This brief examination of the literature suggests that a significant minority of adolescents have engaged in SARTB and that in extreme cases it may lead to death. Despite being known about for over 60 years, the data concerning SARTB are still limited and relatively little is known about the associated risk factors. However, SARTB certainly appears to be an activity that parents and teachers should be made more aware of even if the prevalence of such activity among children and adolescents is low.
Dr. Mark Griffiths, Professor of Gambling Studies, International Gaming Research Unit, Nottingham Trent University, Nottingham, UK
Aggrawal A. (2009). Forensic and Medico-legal Aspects of Sexual Crimes and Unusual Sexual Practices. Boca Raton: CRC Press.
Busse, H., Harrop, T., Gunnell, D. & Kipping, R. (2015). Prevalence and associated harm of engagement in self-asphyxial behaviours (‘choking game’) in young people: A systematic review. Archives of Disease in Childhood, doi:10.1136/archdischild-2015-308187.
Drake, J.A., Price, J.H., Kolm-Valdivia, N. & Wielinski, M. (2010). Association of adolescent choking game activity with selected risk behaviors. Academic Pediatrics, 10, 410-416.
Egge, M.K., Berkowitz, C.D., Toms, C. & Sathyavagiswaran, L. (2010). The choking game: A cause of unintentional strangulation. Pediatric Emergency Care, 26, 206-208.
Griffiths, M.D. (2015). A brief review of self-asphyxial risk-taking behaviour in adolescents. Education and Health, 33, 59-61.
Howard, P., Leathart, G. L., Dornhorst, A.C., & Sharpey-Schafer, E.P. (1951). The mess trick and the fainting lark. British Medical Journal, 2, 382-384.
MacNab, A.J., Deevska, M., Gagnon, F., Cannon, W.G. & Andrew, T (2009). Asphyxial games or “the choking game”: A potentially fatal risk behavior. Injury Prevention, 14, 45-49.
Shlamovitz, G.Z., Assia, A., Ben-Sira, L. & Rachmel, A. (2003). “Suffocation roulette”: A case of recurrent syncope in an adolescent boy. Annals of Emergency Medicine, 41, 223-226.
Toblin, R.L., Paulozzi, L.J., Gilchrist, J. & Russell, P.J. (2008). Unintentional strangulation deaths from the “choking game” among youths aged 6-19 years -United States, 1995-2007. Journal of Safety Research, 39, 445-448.
Urkin, J. & Merrick, J. (2006). The choking game or suffocation roulette in adolescence (editorial). International Journal of Adolescent Medicine and Health, 18, 207-208.
It was Adam and the Ants song ‘Friends’ where I first heard the name of the British pop artist Allen Jones. The song was first officially released in 1981 as the B-side of ‘Ant Rap’ but earlier versions had been recorded for a 1978 John Peel session and during the sessions for the 1979 Dirk Wears White Sox album. The Dirk version was eventually released on the 1982 ‘Antmusic EP’ (and ended up being Adam and the Ants last single before Adam Ant went solo).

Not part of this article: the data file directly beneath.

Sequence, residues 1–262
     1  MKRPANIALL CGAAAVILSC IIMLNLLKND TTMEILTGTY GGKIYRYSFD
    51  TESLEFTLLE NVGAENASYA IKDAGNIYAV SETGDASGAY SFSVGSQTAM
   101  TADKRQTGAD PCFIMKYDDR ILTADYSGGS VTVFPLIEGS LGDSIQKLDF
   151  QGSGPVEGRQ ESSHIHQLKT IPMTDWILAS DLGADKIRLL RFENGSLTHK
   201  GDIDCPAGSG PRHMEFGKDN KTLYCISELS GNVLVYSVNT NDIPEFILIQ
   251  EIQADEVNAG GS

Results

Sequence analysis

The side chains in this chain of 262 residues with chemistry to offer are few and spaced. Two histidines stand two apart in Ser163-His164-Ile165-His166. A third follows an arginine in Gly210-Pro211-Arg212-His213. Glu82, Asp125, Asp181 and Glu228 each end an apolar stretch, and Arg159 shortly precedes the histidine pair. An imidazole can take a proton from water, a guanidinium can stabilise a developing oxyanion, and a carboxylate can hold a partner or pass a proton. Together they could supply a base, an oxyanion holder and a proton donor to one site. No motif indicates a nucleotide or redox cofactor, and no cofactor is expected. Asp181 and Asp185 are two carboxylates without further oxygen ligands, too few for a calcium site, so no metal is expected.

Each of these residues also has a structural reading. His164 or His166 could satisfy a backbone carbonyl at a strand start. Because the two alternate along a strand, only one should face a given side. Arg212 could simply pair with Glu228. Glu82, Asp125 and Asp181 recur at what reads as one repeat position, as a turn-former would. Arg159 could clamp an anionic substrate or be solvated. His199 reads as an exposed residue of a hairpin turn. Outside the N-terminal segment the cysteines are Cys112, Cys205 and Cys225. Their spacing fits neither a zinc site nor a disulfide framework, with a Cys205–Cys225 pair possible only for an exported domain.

In two previous blogs, I have looked at both the psychology of Adam Ant and an in-depth look at all his songs about sexual fetishism and paraphilias (based on an academic article that I originally wrote for Headpress: The Journal of Sex, Death and Religion). In one of those articles, I noted that Adam’s predisposition towards sex came not from musical influences but from figures in the 20th century art world. Adam Ant’s final year thesis was on sexual perversion and he was inspired by the iconographic images of Andy Warhol, the autoerotic paintings of Allen Jones, the neo-sadomasochistic fantasies of Hans Bellmer, and ‘sexpop’ travellers like Eduardo Paolozzi, Francis Bacon and Stanley Spencer. In 1977, Adam said:
“The S&M thing stems from (when) I was at College Art School, with John Ellis (of The Vibrators), and all the time I was at Art College I was very influenced by Allen Jones the artist. All my college work is pretty much like this, this is just a musical equivalent of what I was visually doing at college”
As a teenager I collected badges and the ones designed by Adam Ant were clearly indebted to Allen Jones’ interest in fetishism (you can check out the designs in more detail here). Others in the pop world noted this including Justine Frischmann of Elastica. In a Melody Maker article by Simon Reynolds, Frischmann noted that Adam Ant “epitomised the brilliantly elegant side of punk, using all that Allen Jones type imagery like that table which was a woman on all fours with a glass top on her back. All his paintings were developed from Fifties porn – lots of airbrushed women in black leather. The Antz used a lot of that imagery. On one level, it’s very titillating, but it’s also very pop. So we’re gonna make the next album S & M, with us all in black leather. Actually, I think Madonna‘s ruined that for everyone, ruined the concept of pervy sex forever”.
Jones (born in 1937 in Southampton, UK) is arguably Adam’s greatest single influence and has been cited by Adam in many early interviews. He is best known for his use of slick fetishistic and obsessive objects, often of a sexual character (legs, stockings, shoes, etc.) taken from pornographic and women’s fashion magazines (with rubber fetishism and BDSM themes being very prominent). He was an early and leading figure in the pop-art movement as part of the so-called “dynamic generation” at the Royal College of Art (along with David Hockney, Patrick Caulfield, Peter Phillips, and Frank Bowing), and from where he was expelled in 1960 because of his controversial paintings. He was Britain’s ‘shock art’ bad boy decades before Damien Hirst. His early work was influenced by the Futurism school or art, and by reading the psychology of Freud and Jung, as well as the philosophy of Nietzsche. One of Adam’s songs ‘Ligotage’ (French for bondage) was directly inspired by his paintings. In the Wikipedia entry on Jones, he is quoted as saying: